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History of Historic Fourth & Gill

The history of Fourth & Gill Neighborhood - a National Register historic district - is truly a mirror of Knoxville and America's urban history during the past century and a half. It is a story of urbanization, of prosperity, decline, and rebirth. What follows is a brief overview of the story. intended to provide a context through which to understand and appreciate Fourth & Gill as it appears today. Al the time of the Civil War. Knoxville was a small river town of less than 4000 residents. The area of Fourth & Gill was still farmland, with only three or four different property owners. By 1900, Knoxville had grown to encompass this entire area, having annexed the briefly-independent municipality of North Knoxville in 1897, and the population of the city was 32,600. Fourth & Gill grew quickly into a tree-lined streetcar suburb.

Caswell-Taylor House.png

The Caswell-Taylor House was a historic home located at 803 North Fourth Avenue-across the street from the Fourth & Gill Neighborhood Center (#14 on the tour). It was also known as The Governor's House, as it was the home of Governor Robert Love Taylor for several years. After suffering from years of neglect, the house was eventually destroyed by a fire. All that remain today are the stone steps and entry columns at the corner. Ally Architecture, a sponsor of this tour, are currently designing a townhome community to be located on this site. 

The houses in the community represent two distinct periods of American architecture. The oldest structures ( 1880-1915) closer to downtown are generally two-story Victorian homes characterized by complex roof forms, asymmetrical massing, and scroll-cut decorative trim. These transition in the latter part of that period into more symmetrical homes that freely borrow some Classical elements, especially porch columns. Later housing (1910-1930) is generally Craftsman or Bungalow style, usually one-story homes characterized by low-slung roofs with exposed rafters and large porches. These predominate north of Haynes Place. Of the 280 residential structures in Fourth & Gill, including single family houses, duplexes, and apartment buildings, only a dozen were built after 1930. Many of the houses were designed by some of Knoxville's leading architects of the era, including George F. Barber and Albert and Joseph Baumann.

The growth of the neighborhood continued until Knoxville's economy began to stagnate in the 1920s. With the national depression of the 1930s, many of the larger houses were converted lo duplexes and multi-family dwellings. Original families moved from the neighborhood, and maintenance of the original buildings was ignored. Particularly after World War II, new automobile-oriented suburbs lured residents from the inner city, and many of the homes in Fourth & Gill were occupied by the less affluent. Another significant blow came to the neighborhood with the construction of I-40, which destroyed many of the neighborhood's oldest and grandest buildings along Third, Fourth, and Fifth Avenues, and created noise and air pollution for those who remained.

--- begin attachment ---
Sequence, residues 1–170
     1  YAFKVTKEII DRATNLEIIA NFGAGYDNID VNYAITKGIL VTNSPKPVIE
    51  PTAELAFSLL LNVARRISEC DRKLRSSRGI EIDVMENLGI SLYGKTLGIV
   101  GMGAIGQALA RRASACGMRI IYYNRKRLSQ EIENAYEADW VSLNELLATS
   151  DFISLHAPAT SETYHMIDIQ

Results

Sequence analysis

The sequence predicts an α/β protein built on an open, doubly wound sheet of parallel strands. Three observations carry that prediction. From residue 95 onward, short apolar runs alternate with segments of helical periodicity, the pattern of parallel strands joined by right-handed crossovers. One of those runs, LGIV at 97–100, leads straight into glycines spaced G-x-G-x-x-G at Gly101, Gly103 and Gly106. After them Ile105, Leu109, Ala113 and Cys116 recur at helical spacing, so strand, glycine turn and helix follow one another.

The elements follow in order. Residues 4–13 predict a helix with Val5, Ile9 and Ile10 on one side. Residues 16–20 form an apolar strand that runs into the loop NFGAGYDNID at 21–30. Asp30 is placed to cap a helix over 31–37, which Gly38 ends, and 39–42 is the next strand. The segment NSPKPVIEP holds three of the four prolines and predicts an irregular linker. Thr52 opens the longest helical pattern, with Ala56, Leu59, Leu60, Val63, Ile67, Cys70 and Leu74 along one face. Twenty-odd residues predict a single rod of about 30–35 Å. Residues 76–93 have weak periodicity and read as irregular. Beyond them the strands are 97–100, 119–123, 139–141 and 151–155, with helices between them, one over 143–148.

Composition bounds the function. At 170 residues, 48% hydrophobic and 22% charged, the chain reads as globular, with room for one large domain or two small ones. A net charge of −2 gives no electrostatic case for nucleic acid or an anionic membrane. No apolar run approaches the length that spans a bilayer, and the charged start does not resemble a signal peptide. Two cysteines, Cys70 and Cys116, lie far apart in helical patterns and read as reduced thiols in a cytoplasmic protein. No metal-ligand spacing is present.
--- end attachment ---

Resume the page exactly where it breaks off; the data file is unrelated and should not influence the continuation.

It was at this time, however, that a group of mothers organized to better the lives of their families. These women enlisted the aid of social and housing activists, and a renaissance began. This group evolved into the Fourth & Gill Neighborhood Organization, whose purpose was to create a better neighborhood and improved housing standards for those residing in the dilapidated and ignored Victorian homes. Armed with urban renewal money, the first housing and quality of life improvements began.

As this program was gathering momentum, the gas crisis of the early 1970s led to a "back to the city" movement throughout the country. Knoxville's young professionals discovered the once fine homes that comprise the neighborhood, and these "new immigrants" began to buy and restore many of its houses. Over the past decades, social activism and home restoration have combined to ensure that the renewed Fourth & Gill Neighborhood is an urban success story. There remain houses that are unrestored, but the prospects for this century-old part of Knoxville have never been brighter. The community's architectural attributes combine with the social history of the people who built and rebuilt the neighborhood, and who continue to rehabilitate its buildings.

It's a 19th and 20th century neighborhood, but also a 21st. It's not uncommon to find a resident who has moved three or four times in the last twenty years, but never more than five blocks, leaving a chain of renovated houses behind them. And new, infill houses have been built on lots where other buildings have been lost, drawn to this urban neighborhood of friendly neighbors and walkable streets.

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